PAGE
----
As well as producing high-quality economic analysis and statistics, the ONS has been working on radical plans to go ‘beyond GDP’. This work includes new and innovative metrics reflecting the impact of economic change on people and the environment. Richard Heys introduces the new measure of ‘Inclusive Growth’, and explains what it says about how our lives and environment are changing.
I joined the ONS as Deputy Chief Economist in 2015, and the two things which really struck me were firstly the extensive range of data being produced and secondly how little was done to look closely at GDP and what makes it strong and so relied on, and then work out whether we add some of the other data we had to it to tell a clear Beyond GDP story. In short, many people focussed on the ‘Beyond’ rather than the ‘GDP’ bit and were not considering how we exploit the data we already held.
Increasingly, it became clear to me that I wasn’t the first to think this way, the more I learnt about the National Account the more it became clear that the internationally agreed System of National Accounts (SNA) was a framework explicitly designed to bring together myriad data sources and has a clear objective weighting system, and had started to move in this direction.
When the SNA was first fully implemented in 1968 it focussed only on the core economic accounts and omitted other things, such as human capital, unpaid work and the environment, but that did not mean even then these were seen as unimportant. There was a grand hope of wider statistical frameworks, which have not yet fully been delivered. The SNA revisions of 1992 and 2008 effectively said ‘we’ve now got capacity to lead the charge on these issues’ and started to incorporate the most directly relevant of these into their framework through a set of what became labelled ‘satellite accounts’.
And importantly, they said two key things: firstly ‘the satellite accounts need to be consistent with the core accounts’ – that is no double-counting or omissions and secondly ‘to allow comparison, we need to value all these satellite accounts in common terms, that is in market prices’.
In other words, all the design work had been done to add these satellite accounts to the national accounts and get a broader picture in a consistent and objective fashion. All one had to do was work through the data, ensure these two principles of consistency and weights had been delivered in practice and do the math.
ONS staff undertook this through two research papers published via the ESCOE in 2019 and 2021, which reached a point of being able to deliver quantified estimates for 2005-2016 and prove the concept of creating new single indices which take national accounts methods. These measures, Gross Inclusive Income (GII) and Net Inclusive Income (NII) reveal both the relative size and value of the components and the trade-offs between these, so, for example, if GDP increases but at a cost to the environment and the services it delivers citizens, this would be seen by the GII growth rate being lower than that of GDP. This initial research work proved the concept so we moved on to the next stage of producing robust estimates as proper experimental statistics.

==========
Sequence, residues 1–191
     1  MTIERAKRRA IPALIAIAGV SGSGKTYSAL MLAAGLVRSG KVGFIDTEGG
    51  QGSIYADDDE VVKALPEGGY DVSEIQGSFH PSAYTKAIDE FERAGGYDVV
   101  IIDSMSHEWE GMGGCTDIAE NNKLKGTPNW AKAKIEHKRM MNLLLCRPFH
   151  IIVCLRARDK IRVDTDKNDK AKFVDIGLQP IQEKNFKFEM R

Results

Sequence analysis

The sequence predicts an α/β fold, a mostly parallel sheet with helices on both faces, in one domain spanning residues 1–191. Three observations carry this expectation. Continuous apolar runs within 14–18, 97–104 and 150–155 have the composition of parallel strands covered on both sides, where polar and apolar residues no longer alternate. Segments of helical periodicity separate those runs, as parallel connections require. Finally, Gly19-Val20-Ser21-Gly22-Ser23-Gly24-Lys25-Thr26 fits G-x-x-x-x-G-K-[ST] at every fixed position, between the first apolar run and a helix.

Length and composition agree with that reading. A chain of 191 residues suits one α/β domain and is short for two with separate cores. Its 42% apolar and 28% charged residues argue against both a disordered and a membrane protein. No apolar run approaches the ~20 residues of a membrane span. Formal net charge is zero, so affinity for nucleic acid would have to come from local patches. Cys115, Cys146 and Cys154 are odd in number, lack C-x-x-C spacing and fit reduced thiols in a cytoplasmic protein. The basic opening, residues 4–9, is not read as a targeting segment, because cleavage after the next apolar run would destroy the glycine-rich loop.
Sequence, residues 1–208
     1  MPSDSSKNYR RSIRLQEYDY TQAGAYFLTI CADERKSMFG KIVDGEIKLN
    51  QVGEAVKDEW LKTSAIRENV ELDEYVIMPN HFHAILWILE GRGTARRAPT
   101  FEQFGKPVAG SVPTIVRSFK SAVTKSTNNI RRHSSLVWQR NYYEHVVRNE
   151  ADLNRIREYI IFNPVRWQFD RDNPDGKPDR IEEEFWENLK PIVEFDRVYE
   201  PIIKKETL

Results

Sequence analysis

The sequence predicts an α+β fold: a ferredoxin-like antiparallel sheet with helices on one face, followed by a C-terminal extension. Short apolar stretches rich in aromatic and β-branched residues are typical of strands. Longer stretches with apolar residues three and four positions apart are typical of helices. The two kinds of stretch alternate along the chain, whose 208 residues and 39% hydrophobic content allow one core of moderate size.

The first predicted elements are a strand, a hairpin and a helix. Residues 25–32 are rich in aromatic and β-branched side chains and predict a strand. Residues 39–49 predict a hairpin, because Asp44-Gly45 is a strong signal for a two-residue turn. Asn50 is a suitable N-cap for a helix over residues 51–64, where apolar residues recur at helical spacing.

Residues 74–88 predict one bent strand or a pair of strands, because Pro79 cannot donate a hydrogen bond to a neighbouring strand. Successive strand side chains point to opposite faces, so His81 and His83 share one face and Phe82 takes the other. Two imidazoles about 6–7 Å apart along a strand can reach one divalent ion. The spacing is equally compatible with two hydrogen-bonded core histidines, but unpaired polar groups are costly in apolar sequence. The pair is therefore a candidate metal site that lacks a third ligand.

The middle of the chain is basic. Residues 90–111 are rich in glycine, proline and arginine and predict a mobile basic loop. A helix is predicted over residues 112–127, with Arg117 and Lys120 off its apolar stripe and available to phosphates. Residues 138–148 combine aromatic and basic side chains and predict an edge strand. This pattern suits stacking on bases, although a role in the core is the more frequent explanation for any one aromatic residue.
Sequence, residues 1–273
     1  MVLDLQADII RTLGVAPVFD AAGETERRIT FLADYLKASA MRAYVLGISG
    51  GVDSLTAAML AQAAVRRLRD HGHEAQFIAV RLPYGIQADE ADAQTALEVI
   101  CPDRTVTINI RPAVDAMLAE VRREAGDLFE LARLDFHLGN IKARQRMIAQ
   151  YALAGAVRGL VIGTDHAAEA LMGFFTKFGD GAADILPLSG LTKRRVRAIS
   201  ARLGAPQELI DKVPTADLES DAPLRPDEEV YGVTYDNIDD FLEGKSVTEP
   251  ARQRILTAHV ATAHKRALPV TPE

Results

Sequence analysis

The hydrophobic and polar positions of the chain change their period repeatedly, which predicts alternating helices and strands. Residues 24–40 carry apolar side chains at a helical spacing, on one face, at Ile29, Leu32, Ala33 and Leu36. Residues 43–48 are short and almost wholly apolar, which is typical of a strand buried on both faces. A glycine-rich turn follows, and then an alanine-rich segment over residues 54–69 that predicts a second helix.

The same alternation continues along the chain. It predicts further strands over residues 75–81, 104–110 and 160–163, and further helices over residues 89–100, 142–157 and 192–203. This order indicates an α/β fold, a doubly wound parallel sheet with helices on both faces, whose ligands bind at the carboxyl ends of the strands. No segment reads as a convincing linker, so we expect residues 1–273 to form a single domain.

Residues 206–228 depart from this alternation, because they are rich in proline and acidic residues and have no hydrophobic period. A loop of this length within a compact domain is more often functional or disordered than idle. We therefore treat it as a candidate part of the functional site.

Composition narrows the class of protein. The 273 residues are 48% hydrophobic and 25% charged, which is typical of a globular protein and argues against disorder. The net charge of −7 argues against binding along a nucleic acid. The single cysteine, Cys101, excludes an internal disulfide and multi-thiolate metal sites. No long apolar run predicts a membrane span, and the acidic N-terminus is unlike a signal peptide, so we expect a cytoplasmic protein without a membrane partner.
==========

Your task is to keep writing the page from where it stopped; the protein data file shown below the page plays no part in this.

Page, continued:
Today, therefore, we are delighted to take the next step of delivering, for the first time, a new routine statistical bulletin containing GII and NII estimates for 2005-2019. This allows us to bring the data far more up to date and allows us to share a view of wider ‘economic wellbeing’ as captured by these metrics.
In short, GII grows more slowly than GDP and NII grows more slowly than Net National Disposable Income (NNDI), their ‘national accounts equivalents’. What does this mean? It means that GDP over-estimates wellbeing as other factors are growing at far slower rates, or indeed have shown negative growth over the time period.
It equally shows that the GDP perspective of the Great Financial Crisis exaggerates the true impact of both the decline during the recession and then the speed of the recovery, with movements in GII and NII being far more muted.
Now the eagle-eyed amongst you may spot our research estimates said GII growth was faster than GDP and we’re now saying its slower. This is because we’ve made some methodological improvements. This process of ruthlessly testing and challenging these data is how we ensure the data are as strong as possible, so we make no apology and particularly want to thank users and reviewers who asked us challenging questions along the way that led us to reconsider our approach.
But the work doesn’t stop here. Human capital is the next big area that we will work to include. We cannot just add it to GDP like the other elements, as some components of human capital are already included. In addition, we need to bring data up to date through the pandemic. Both of these are likely to significantly change our perception of these data and will bring these data to a next level of development, and we hope to issue updates in coming months.
So, how should you use these data? Beyond GDP is on a journey, but I would argue we shouldn’t be afraid of that. Whatever we end up seeing once human capital is captured, all the components in play will still be there and the mitigating effect we see, which reduces growth below that shown by GDP amongst the components we’ve captured will still be there. Whether human capital depreciation makes this better or worse, the picture drawn from the components already captured won’t change and sends a clear message that a wider policy perspective of what improves quality of life is required and looking ‘Beyond GDP’ can reveal important new lessons.